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'Trust your training': The mantra that fuels Nebraska volleyball through wins and losses
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VOLLEYBALL

'Trust your training': The mantra that fuels Nebraska volleyball through wins and losses

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John Cook is fired up to start the Big 10 this week

LINCOLN — Nebraska volleyball players use the expression after wins and losses to explain their successes or how they need to improve. It’s a catch-all mantra and one of the program's foundations under John Cook.

Trust your training.

The Huskers, who host Iowa on Saturday at 2 p.m. at the Devaney Center, use the phrase as an example of how to rely on fundamentals, stay strong mentally and power through adversity.

“We have really challenging practices and I think the coaches set it up in a way for us to make it harder than the matches,” junior Madi Kubik said. “Practicing trusting your training is the only way to do it, and then in the big moments, we are able to capitalize on that. We worked really hard on the mental side of the game and visualizing doing it perfect over and over again.”

After the Huskers suffered a five-set loss to Utah, junior defensive specialist Kenzie Knuckles said NU wasn’t consistent or confident in the late stages of a set, allowing the Utes to escape with a win after the Huskers had two match points.

“When it comes down to those challenging moments at the end of games, that's when you have to trust your training the most, and I think that we haven't done that,” Knuckles said.

The mantra starts early, evident by freshman Ally Batenhorst using it to explain how the Huskers can cut down on errors following a loss to Stanford.

It also works for positive performances. Senior Lexi Sun used the phrase this spring after she recorded five ace serves against Baylor in the regional semifinal.

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“We're working on (serving) every single day,” she said. “Sometimes it's easy to get into the games and just not really trust your training. I think that was something that we all did tonight with our serves and I think that really helped us.”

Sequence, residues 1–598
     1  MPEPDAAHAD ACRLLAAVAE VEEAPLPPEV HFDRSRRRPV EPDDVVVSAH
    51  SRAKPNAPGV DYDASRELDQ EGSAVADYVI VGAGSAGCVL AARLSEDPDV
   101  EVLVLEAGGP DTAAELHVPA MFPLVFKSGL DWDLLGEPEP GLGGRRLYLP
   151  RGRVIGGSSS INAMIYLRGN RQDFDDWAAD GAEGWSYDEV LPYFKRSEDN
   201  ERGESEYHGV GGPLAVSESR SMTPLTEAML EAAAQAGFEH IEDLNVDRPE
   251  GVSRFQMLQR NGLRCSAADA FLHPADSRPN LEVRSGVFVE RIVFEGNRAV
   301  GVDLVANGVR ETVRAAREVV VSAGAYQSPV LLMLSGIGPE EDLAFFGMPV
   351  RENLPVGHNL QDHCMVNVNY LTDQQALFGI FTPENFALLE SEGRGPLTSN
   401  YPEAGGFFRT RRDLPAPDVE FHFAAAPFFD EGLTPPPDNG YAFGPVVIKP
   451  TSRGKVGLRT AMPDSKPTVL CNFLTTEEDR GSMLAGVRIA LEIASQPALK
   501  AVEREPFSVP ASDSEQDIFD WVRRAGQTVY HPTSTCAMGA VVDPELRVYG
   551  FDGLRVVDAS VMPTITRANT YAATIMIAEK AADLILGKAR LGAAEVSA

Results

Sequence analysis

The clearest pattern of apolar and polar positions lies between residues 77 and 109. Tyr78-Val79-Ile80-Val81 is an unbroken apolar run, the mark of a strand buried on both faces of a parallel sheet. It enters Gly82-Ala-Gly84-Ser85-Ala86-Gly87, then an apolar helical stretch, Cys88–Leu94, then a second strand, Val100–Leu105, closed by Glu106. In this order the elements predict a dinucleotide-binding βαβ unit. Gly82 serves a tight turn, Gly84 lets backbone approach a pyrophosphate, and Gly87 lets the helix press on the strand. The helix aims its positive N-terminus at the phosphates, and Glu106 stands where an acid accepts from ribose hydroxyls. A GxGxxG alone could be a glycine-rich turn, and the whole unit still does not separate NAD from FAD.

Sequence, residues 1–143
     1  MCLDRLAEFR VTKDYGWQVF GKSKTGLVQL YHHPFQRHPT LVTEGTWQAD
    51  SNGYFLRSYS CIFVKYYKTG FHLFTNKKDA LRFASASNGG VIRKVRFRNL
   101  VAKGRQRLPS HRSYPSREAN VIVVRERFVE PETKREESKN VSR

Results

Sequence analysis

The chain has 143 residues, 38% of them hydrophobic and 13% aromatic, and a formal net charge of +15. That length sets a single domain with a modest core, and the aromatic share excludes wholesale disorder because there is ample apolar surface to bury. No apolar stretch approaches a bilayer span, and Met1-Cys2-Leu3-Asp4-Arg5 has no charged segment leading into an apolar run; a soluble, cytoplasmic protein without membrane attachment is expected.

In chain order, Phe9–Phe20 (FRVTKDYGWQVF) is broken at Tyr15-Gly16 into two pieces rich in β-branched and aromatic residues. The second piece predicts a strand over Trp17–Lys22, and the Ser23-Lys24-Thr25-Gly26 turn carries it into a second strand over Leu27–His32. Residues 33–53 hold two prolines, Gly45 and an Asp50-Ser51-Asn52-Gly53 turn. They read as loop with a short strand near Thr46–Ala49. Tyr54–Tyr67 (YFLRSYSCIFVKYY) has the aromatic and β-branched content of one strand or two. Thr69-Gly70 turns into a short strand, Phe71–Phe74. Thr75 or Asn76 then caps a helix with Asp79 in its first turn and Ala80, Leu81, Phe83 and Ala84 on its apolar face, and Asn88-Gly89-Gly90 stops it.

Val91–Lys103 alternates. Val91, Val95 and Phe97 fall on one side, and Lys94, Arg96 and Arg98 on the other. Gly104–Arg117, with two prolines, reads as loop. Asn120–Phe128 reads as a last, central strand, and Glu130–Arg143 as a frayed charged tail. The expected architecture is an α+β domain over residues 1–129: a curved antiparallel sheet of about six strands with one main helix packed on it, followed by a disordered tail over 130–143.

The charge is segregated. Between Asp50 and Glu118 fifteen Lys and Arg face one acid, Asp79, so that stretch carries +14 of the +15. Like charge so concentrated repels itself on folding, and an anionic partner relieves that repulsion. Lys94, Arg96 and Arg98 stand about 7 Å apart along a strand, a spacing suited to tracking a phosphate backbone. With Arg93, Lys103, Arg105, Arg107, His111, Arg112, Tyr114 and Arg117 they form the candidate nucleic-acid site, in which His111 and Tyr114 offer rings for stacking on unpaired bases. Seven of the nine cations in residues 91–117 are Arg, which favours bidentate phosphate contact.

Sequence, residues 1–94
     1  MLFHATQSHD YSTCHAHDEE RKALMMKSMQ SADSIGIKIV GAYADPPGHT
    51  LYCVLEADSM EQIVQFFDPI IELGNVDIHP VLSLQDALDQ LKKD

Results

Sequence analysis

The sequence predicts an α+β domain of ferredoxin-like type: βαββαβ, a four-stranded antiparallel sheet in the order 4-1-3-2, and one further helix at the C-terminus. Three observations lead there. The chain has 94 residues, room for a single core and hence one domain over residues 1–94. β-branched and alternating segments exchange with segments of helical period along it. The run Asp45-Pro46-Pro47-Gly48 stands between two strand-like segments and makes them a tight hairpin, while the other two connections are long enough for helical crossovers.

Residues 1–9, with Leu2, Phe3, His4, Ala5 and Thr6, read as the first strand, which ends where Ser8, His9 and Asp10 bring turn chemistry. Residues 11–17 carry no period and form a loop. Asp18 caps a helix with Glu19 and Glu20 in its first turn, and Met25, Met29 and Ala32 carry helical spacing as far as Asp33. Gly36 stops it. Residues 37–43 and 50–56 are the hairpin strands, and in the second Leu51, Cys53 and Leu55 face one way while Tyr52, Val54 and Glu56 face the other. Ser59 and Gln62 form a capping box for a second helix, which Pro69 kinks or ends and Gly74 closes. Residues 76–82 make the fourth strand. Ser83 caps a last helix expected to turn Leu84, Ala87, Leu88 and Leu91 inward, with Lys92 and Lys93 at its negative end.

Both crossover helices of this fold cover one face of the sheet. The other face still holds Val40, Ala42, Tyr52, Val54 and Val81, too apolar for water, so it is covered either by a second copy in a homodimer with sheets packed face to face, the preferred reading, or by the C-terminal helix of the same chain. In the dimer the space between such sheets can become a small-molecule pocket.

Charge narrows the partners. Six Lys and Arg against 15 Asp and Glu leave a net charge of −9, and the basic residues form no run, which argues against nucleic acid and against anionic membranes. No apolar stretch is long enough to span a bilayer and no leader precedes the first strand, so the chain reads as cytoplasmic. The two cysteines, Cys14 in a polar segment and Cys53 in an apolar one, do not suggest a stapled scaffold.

But what does that training look like?

Cook talked about his approach during his weekly radio show Thursday night. He puts them in difficult game-like scenarios in practice and makes them navigate it by figuring out how to overcome the challenge. Cook doesn’t make the drills impossible, but they have to work hard to succeed.

One drill Nebraska runs is the trash can drill, where one player is given a task — such as terminating out of system five times against a triple block when the defense knows they are getting the ball.

“It was Lindsey Licht, she was struggling, so I said, ‘You're gonna do this drill, you got to hit your way out of it,’” Cook said. “It took 35 minutes, but she finally won it out and then went over to the trash can and lost her lunch. That’s why we call it the trash can.”

The Huskers replicate that challenge in other drills, like in serve receive when they have to pass the ball to the setter’s slot five times in a row, or setting where they have to achieve a certain percentage of perfect sets to the pin.

“We put them in situations you don't leave until you get this done,” Cook said. “It's like breaking a horse. They eventually (realize), ‘OK, I'm not gonna win this battle.’ So I'll let them ride the horse … to make sure they do get some success.”

Stivrins active

Senior middle blocker Lauren Stivrins returned to normal practice drills Monday.

Huskers Radio Network analyst Lauren Cook West said Wednesday that Stivrins didn’t experience any pain following her first foray back to practice.

The All-American has not yet played this season after she underwent back surgery this summer. Neither Stivrins nor Cook has provided a timeframe on when she might be back on the court in matches.

Touching moment

After Wednesday's match against Northwestern, Nebraska players shared flowers and hugs with former Husker Megan Miller, whose mother, Deanna, died in June after a stroke.

Miller transferred to Northwestern in 2020 and faced off against her former teammates for the first time. Several NU players and parents attended the funeral during the summer and remain closely connected.

Cook said the idea came from Stivrins, who initially wanted to do it before the first serve. After discussions between the coaches, they decided it would be best to give Miller the flowers after the match.

“I texted her (Thursday) and it really meant a lot to her,” Cook said. “It's pretty cool that they have a great bond with our players and they're still really tight.”

Video of the exchange went viral on social media and the moment was featured on ESPN's "SportsCenter."

Miller wrote on Twitter that it “doesn’t matter which side of the net I am on, I am more than grateful for these people, and the lasting impact they have had on my life. And thankful to still have so many Husker fans behind me in my new adventure. It’s so much more than just a game.”


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